Acknowledging Assumptions in our Everyday Work
The content of what an individual “knows” is the sum of their life experiences.
From infancy on, people build a catalog of knowledge based on experiential learning from a variety of sources and solidify their beliefs through the mental mapping of what those experiences have meant and/or how they made the individual feel. The interesting thing is, every individual has experienced different things in different ways so their catalog of knowledge and beliefs is unique. This unique foundation has a direct impact on how they see the world.
Experiential Learning Influences Our “Truths”
Generally speaking, our experiential learning is critical to continued development and survival. HOWEVER – experiential knowledge is so unique and sometimes so absolute that it can lead to bias and assumption. There are a variety of biases and assumptions caused by this uniqueness which can be brought to an individual’s attention through simple exercises. A few of them include:
From these simple exercises, we can determine the following:
- People naturally make assumptions
- We usually don’t even know we are making the assumptions
- Your assumptions are a product of your past (experienced learning)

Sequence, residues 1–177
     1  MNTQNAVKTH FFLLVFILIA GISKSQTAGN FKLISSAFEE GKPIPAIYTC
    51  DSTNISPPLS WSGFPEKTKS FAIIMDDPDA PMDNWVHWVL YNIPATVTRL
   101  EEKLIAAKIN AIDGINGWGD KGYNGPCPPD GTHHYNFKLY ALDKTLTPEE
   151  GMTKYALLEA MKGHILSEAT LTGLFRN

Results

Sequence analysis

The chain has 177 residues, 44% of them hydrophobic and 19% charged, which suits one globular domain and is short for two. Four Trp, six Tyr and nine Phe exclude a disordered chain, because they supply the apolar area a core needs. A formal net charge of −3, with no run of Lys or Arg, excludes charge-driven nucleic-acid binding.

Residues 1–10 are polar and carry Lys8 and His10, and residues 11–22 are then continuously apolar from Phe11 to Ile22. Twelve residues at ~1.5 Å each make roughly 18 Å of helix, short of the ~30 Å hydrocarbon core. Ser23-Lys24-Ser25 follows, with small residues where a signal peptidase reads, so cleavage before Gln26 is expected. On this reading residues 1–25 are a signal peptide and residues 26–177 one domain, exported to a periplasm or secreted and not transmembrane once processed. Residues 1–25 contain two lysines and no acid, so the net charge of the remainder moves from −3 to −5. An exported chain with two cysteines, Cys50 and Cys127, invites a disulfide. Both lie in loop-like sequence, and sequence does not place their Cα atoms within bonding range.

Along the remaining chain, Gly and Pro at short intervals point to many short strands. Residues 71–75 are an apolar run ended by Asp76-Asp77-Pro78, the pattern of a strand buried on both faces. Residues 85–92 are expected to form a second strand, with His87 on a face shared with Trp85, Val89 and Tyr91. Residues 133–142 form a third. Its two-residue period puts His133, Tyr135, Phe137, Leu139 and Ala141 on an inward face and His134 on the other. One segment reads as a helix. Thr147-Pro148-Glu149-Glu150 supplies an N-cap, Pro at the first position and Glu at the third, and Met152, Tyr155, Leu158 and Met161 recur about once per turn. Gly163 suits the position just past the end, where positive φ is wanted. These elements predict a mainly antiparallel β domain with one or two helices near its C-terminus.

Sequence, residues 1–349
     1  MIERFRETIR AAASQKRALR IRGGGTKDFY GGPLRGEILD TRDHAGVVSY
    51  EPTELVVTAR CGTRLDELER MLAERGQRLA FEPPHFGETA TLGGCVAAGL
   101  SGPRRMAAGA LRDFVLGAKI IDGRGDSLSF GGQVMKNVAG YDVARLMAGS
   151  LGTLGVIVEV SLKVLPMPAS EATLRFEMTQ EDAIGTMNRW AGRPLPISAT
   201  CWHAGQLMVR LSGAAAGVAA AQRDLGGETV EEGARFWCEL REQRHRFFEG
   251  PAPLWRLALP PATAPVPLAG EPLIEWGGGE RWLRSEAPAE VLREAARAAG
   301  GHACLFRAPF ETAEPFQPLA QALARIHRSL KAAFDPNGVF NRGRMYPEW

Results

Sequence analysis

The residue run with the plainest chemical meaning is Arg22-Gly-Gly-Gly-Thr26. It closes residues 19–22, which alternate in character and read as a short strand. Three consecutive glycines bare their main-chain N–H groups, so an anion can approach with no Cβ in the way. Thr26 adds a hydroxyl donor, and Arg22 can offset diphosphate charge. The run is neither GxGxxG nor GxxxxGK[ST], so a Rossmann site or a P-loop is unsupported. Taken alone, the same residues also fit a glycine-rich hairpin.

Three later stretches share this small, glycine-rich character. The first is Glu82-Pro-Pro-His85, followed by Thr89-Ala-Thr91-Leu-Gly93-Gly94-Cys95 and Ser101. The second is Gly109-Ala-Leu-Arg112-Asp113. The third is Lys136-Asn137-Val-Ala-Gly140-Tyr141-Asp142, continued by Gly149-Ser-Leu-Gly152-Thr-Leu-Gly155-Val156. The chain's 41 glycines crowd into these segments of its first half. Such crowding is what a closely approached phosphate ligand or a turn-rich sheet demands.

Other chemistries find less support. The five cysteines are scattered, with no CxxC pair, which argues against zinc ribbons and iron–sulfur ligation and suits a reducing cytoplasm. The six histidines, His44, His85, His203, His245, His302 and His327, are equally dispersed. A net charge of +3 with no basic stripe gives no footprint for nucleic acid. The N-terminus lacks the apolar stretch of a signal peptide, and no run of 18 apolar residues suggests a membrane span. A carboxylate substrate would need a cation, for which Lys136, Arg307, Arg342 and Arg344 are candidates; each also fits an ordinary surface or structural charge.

Now that we know this, what can we do about it?
Here are some actions you can take to help minimize or reduce the effects of bias and assumption:
- Ask questions to obtain more information to better understand others
- Purposely look for and participate in new or different experiences
- Practice Mindfulness
- Read jokes or riddles based on assumption otherwise known as lateral thinking puzzles
- Learn other languages (creates flexibility in the brain)
- Seek and create relationships outside of your “normal” group
- Study topics outside of your area of expertise or field of study
- Journal any changes in your perspective (when you changed your mind)
- Step away from writing letters or making big decisions and focus on something else (wait 24 hours before sending or acting)
- In your teams, organizations and communities, create a culture of trust and openness so people can share and challenge assumptions in a safe environment
This post is based on the work of Espen Klausen, Ph.D. which was presented at the Sophia Tranformative Leadership Partners – Coffee & Conversation program on 11/15/2019. Dr. Klausen is a licensed psychologist based in Fond du Lac.